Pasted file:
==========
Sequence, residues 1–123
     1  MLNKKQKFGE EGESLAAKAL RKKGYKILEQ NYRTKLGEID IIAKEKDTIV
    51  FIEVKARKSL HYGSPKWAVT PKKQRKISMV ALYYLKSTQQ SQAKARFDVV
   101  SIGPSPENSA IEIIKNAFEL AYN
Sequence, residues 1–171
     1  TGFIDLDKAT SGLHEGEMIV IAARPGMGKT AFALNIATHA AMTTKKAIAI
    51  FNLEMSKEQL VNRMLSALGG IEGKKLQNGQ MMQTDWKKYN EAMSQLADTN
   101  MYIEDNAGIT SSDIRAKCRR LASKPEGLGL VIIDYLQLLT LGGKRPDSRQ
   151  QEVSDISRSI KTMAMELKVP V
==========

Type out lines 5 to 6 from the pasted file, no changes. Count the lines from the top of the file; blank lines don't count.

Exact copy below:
Sequence, residues 1–171
     1  TGFIDLDKAT SGLHEGEMIV IAARPGMGKT AFALNIATHA AMTTKKAIAI